l  Making all irregular workers regular sounds like an effort to improve the employment situation, however, it may in turn deprive opportunities of many others in reality (in extreme cases, e.g., overall banning of irregular employment might create complete unemployment of many others because all the irregular workers cannot be regular at once).

Then the more realistic approach is the second scenario that dispels gap between the regular and irregular, i.e., penetrating the principle of “same job, same wage,” while admitting variety of labor.
While in Europe and others, the principle of “same job, same wage” is manifested in the general legislation, it is naturally perceived that there are gaps between irregular and regular in Japan. Efforts to solve the situation should be now discussed.

To add, the gap between irregular and regular does not only exist in the private sector, but also in the central government offices including the Ministry of Health, Labor and Welfare which has jurisdiction over the employment policy.

There is an advertisement for open recruitment of irregular employees in the website of MHLW that says \7,000-10,000/day for assistant or secretary duties. Needless to say, this is apart from the working conditions of the general government employees protected by job security and the National Personnel Authority (

What to do with the irregular employment? Hot to attain the principle of “same job, same wage”? Solutions must be proposed, first by the central government ministries.
It is hopeful that discussions in eye of the drastic reform on this issue will be made in the Diet.

In the meantime, there are further challenges;
l  Basically, it should seek attainment of “same job, same wage” principle and the regulations binding various ways of working should be eradicated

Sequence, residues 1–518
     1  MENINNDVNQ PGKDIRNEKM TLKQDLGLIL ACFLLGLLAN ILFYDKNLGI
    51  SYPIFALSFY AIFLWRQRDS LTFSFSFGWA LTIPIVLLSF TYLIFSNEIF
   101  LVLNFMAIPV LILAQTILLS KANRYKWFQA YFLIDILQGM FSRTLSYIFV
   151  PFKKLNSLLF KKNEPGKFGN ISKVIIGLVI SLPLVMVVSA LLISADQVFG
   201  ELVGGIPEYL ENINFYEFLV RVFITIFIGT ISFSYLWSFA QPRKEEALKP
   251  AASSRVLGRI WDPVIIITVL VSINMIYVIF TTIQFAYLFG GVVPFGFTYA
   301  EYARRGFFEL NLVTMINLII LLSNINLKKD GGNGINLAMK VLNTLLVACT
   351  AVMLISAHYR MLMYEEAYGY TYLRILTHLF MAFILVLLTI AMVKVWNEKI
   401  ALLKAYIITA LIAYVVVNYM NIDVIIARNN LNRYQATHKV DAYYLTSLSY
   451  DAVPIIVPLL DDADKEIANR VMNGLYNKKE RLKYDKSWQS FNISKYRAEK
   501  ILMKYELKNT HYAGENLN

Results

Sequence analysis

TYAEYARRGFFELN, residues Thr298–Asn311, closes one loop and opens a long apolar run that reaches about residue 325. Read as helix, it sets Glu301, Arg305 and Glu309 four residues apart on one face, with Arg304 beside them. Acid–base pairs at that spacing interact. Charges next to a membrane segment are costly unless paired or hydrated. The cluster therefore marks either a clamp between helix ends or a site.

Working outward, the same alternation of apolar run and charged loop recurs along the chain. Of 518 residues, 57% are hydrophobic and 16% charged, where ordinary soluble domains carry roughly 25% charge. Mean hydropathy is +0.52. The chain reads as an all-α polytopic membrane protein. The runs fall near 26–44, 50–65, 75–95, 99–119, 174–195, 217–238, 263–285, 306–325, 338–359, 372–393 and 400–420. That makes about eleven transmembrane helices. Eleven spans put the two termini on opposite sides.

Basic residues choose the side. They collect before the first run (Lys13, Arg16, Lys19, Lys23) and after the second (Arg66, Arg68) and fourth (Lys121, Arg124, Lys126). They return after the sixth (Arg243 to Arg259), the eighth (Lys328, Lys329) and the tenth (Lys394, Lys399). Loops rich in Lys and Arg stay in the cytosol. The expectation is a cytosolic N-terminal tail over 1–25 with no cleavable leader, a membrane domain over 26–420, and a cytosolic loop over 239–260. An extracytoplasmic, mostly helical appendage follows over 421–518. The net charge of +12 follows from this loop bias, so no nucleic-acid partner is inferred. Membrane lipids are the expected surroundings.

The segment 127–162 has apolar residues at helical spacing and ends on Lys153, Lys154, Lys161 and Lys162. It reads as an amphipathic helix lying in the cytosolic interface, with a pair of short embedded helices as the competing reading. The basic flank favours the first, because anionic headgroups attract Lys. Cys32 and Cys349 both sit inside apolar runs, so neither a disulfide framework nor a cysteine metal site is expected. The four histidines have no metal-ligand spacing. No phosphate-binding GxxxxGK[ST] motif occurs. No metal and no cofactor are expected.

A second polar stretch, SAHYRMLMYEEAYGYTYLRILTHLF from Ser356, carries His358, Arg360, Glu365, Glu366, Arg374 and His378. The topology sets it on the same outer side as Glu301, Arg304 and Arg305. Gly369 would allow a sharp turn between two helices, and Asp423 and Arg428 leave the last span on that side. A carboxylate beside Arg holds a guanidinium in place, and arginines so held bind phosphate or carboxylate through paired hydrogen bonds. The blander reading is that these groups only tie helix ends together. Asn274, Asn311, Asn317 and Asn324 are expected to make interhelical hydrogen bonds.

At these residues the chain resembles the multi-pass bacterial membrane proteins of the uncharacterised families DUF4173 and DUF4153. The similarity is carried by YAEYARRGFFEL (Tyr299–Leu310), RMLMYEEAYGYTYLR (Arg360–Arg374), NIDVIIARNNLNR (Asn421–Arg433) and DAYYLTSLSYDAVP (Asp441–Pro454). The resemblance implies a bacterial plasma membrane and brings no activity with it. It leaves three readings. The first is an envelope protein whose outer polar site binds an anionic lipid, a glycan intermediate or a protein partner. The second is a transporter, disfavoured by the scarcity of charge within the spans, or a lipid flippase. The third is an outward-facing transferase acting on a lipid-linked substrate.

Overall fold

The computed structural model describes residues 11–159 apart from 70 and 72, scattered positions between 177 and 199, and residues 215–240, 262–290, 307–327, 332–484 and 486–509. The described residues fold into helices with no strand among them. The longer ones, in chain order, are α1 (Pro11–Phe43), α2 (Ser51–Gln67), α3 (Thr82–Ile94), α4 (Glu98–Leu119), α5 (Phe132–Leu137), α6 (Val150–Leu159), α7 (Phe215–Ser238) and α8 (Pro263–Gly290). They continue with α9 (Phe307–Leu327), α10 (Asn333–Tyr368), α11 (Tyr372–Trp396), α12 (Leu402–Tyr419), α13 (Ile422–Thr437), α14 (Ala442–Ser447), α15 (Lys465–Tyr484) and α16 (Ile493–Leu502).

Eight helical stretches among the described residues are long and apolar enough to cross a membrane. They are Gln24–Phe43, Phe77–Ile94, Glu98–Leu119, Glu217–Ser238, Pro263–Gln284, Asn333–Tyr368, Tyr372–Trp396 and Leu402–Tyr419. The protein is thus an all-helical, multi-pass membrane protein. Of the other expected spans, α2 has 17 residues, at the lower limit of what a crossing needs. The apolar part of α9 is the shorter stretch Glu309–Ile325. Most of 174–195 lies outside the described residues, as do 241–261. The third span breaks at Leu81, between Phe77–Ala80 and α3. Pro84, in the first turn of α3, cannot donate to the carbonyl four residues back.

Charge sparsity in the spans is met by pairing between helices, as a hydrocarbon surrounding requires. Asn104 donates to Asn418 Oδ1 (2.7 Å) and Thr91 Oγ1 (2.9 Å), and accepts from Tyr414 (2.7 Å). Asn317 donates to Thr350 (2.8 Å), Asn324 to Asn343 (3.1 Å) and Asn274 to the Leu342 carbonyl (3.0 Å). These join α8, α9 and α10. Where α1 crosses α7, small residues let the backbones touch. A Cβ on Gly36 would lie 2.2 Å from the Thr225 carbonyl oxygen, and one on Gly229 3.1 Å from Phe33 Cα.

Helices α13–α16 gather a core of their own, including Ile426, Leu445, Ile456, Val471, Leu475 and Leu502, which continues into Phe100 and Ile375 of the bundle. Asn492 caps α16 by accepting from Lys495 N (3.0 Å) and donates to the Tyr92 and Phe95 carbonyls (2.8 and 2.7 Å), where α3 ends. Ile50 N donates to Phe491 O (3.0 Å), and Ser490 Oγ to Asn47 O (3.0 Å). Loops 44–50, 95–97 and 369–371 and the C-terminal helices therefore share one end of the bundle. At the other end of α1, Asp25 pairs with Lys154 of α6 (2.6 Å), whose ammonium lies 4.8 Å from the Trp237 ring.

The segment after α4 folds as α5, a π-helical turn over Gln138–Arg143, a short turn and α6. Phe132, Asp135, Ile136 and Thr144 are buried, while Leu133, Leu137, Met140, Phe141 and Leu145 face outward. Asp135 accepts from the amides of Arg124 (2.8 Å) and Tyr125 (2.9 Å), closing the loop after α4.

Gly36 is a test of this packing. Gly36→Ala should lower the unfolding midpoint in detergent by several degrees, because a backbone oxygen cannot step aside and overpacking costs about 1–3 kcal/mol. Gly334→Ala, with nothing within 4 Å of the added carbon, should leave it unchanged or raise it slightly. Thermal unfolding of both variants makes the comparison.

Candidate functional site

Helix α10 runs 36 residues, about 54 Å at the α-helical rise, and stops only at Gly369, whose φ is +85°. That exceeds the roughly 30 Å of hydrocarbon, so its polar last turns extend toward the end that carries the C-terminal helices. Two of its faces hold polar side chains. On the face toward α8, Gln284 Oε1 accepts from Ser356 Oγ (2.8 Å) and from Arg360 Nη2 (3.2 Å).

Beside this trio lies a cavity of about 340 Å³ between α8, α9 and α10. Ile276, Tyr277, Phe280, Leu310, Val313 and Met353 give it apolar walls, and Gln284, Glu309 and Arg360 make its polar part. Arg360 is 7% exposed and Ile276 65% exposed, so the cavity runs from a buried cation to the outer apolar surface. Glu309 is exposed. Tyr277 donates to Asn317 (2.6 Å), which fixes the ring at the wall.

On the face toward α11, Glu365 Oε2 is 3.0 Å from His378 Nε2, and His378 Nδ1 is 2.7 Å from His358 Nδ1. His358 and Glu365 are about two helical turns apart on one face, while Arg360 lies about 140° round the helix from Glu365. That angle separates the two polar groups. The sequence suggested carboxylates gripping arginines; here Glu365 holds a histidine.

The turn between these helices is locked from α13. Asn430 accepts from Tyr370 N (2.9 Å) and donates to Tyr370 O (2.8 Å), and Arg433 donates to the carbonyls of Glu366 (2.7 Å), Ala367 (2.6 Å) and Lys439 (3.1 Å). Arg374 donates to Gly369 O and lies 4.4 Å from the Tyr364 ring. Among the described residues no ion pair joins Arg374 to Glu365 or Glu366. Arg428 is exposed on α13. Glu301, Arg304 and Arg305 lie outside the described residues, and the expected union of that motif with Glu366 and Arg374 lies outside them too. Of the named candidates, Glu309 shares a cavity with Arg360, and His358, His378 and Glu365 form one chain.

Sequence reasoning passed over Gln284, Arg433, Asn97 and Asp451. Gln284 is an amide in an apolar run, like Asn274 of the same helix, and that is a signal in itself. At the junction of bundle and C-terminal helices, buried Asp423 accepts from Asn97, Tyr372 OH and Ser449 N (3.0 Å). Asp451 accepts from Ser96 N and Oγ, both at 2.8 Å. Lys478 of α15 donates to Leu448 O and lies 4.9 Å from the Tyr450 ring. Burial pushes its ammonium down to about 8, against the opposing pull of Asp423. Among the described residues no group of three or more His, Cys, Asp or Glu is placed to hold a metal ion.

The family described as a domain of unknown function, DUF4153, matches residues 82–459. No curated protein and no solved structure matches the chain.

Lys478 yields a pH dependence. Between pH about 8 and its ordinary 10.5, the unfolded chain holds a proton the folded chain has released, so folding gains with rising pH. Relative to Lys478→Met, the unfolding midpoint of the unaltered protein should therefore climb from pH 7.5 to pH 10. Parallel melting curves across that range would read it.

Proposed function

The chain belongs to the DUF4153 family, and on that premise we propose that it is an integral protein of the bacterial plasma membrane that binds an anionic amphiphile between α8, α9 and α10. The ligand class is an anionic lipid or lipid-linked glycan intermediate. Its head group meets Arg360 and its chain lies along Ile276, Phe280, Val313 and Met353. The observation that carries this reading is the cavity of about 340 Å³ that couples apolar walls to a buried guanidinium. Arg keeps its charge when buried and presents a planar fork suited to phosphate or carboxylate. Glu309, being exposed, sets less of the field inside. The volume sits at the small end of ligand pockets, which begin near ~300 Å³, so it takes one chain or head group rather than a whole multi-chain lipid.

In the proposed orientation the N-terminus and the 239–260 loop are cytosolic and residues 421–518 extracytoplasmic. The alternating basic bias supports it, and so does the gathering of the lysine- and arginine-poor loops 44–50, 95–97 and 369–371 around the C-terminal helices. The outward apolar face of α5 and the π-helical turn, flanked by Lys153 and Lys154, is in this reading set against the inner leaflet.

l  Rather than “making all irregular regular,” it should seek “valuing various ways of working” + “prohibition of different treatments on irregular workers”
l  “Valuing various ways of working” is also important from the view of increasing fluidity of the labor market. It is incorrect to assume that “all irregular desires to be regular”
l  The issue of “prohibition of temp day laborer” left untouched.

Number of Temp Workers = 1.3 million (data released in March 2014)


What is it that Promotes Economic Growth?

(TAKAHASHI Yoichi, PPPC Chairman)

What is it going to be like in 2050 if the economy shifts at the current speed? Currently Japan’s GDP per capita is more or less $40,000, raking 20th in the world. By definition, the “advanced country” refers to those whose GDP per capita is more than $10,000 so Japan indeed is an advanced country. However, the average growth rate of Japan in the recent 20 years is 0.8%, which almost the lowest in the whole world. If the current trend continues, Japan’s GDP per capita in 2050 will be around $50,000.
As the U.S’s average growth rate is 3.6%, its GDP per capita will be $190,000 in 2050 from the current $50,000. In Euro, where the growth rate is 3.8%, its GPD per capita will be $150,000 from the current $40,000.
The world’s average growth rate is about 4.3%. It means a $10,000 will be equivalent with $50,000 in 2050. At that time, Japan will no longer be an advanced country. Though not the least developed, it will be a middle-income country or so.

Transition of GDP per Capita (US$)
(World Bank: speculation of 2050 from transition in the last 20 years)

Then how do we realize an economic growth? This is the most difficult question which if one knows its answer there will be no need of economics. Paul Krugman once said if one can figure this out then the world’s poverty can be solved all at once so deserving Nobel Prize. There is no simple answer to this difficult question, but the author has started to have a partial clue.
The following are correlation of GDP per capita and various other economic indexes. If the correlation coefficient is low, maybe there is no interrelation. If there are, then the cause and effect should be investigated.
As result of these efforts, what attracted my attention was the influence of money, which showed coefficient of 0.5; a little less than enough to conclude there is correlation but outstanding compared to the others.